Bronze sculpture of Native American
I am Eagle.
Lifting my wings
To the thunder of the drum
Calling me to dance
To become the eagle.
My feet are set free
Raising my spirit into the sky.
My arms carry the wind
Across my wings…
I fear nothing,
My flight is towards the heavens!
American Indian Poet
Whenever I create a Native American piece, something deep inside is stirred and touched. Before long the studio is pounding with flute, drums and chanting. It truly is a ‘zone’ that feels familiar. In creating my eagle dancer I wanted the older, turn of the century headdress which was bound cotton. My research took me to old Bureau of American Ethnology bulletins and Dancing Gods by Erna Fergusson (1931).
“Southwestern Indians have no better friends than artists, who recognize that the Indian is essentially an artist. They value his art in all its forms, they help him without condescension, and they respect his integrity too much to try to make him over into something foreign”
To actually ‘feel’ the fluidity and message of the dance I contacted my good friend Howard Rainer who used to do the Taos Pueblo Buffalo Dance as a young man. He told me who to contact and I had them do the Eagle Dance in my studio. It was nothing short of poetry and magic in motion! The movements were so light and graceful, yet full of power and majesty. The up and down motions and circular aerial pivots and banked turns really made me feel as though I was in the midst of eagles. I actually did two pieces, one titled “Eagle Medicine” depicting both dancers and then the larger single figure entitled “Winged Messenger”. The eagle is the mediator between the Creator and man and on his wings we receive wisdom.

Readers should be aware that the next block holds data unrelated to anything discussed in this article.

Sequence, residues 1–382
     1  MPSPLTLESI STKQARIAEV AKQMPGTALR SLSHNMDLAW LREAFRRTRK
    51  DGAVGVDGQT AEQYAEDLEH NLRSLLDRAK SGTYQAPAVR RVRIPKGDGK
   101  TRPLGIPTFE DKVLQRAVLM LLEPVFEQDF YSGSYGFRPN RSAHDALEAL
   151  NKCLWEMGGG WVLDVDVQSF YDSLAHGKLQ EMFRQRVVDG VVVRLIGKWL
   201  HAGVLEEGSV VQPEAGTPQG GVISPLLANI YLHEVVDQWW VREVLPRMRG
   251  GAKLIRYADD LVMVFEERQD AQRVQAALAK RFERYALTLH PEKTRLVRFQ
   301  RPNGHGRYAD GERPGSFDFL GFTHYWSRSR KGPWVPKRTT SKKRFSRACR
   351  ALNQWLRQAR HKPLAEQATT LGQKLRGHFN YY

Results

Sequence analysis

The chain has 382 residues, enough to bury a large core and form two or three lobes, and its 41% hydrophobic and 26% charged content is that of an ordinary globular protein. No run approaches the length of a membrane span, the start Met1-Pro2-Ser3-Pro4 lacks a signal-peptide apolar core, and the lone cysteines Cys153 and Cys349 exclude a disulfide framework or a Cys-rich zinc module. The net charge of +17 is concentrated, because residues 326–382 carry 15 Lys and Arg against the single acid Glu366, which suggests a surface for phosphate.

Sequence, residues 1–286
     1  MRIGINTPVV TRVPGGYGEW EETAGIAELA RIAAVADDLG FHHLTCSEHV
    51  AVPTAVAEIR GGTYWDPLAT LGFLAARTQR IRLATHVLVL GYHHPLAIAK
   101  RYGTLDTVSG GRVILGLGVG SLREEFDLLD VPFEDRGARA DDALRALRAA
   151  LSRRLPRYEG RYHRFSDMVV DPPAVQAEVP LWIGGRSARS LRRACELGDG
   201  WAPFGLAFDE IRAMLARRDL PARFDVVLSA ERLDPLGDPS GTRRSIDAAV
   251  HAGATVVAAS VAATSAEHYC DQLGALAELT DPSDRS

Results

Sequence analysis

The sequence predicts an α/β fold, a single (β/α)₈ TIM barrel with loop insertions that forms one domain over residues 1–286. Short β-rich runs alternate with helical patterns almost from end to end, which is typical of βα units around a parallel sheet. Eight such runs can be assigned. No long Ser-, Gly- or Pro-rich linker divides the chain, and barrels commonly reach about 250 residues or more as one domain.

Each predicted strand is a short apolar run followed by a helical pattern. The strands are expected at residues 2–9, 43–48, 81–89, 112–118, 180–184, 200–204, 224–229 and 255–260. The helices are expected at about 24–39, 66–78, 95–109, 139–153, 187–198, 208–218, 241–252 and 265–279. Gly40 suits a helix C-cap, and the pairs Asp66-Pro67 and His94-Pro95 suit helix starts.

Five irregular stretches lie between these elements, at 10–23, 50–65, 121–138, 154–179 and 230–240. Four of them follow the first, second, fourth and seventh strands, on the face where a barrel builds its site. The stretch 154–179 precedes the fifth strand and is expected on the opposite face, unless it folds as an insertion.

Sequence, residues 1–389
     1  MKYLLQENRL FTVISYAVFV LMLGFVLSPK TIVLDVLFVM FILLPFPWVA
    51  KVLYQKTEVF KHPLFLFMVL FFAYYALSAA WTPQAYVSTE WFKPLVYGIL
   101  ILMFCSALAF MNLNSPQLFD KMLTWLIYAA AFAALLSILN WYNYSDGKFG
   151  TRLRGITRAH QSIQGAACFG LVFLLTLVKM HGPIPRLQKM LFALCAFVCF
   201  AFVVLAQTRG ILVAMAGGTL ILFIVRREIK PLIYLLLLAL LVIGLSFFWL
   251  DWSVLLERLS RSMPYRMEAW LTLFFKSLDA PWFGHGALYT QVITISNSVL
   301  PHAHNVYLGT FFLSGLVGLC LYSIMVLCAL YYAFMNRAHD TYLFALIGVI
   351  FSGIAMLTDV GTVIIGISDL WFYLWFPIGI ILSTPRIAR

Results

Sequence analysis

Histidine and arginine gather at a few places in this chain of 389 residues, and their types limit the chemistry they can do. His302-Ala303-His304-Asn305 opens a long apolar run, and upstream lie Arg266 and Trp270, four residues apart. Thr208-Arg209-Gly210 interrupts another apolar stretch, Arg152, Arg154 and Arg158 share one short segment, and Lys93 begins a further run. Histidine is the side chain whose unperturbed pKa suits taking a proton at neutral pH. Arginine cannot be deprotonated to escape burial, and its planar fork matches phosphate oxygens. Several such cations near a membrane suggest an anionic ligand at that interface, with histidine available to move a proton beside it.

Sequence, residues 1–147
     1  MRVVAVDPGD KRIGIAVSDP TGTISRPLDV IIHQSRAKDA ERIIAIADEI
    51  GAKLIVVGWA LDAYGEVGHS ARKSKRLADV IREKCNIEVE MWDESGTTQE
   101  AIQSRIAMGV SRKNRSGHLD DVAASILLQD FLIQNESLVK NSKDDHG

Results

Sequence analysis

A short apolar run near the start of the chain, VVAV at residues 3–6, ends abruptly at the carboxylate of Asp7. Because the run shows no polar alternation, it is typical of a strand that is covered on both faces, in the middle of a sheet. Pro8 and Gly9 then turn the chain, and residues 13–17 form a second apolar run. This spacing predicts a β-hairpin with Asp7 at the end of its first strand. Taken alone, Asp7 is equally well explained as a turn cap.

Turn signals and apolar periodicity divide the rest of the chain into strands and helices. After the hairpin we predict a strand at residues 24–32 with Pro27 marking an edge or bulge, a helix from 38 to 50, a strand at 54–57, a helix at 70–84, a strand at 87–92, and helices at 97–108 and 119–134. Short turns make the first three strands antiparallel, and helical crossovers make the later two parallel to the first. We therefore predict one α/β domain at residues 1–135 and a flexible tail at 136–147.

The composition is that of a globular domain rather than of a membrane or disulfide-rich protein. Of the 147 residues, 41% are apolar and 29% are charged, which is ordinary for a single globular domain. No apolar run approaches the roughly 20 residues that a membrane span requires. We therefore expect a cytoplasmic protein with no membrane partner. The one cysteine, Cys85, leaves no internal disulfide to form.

It was a very rewarding feeling to be commissioned to create “Winged Messenger” as a monumental piece for Culver Military Academy in Indiana.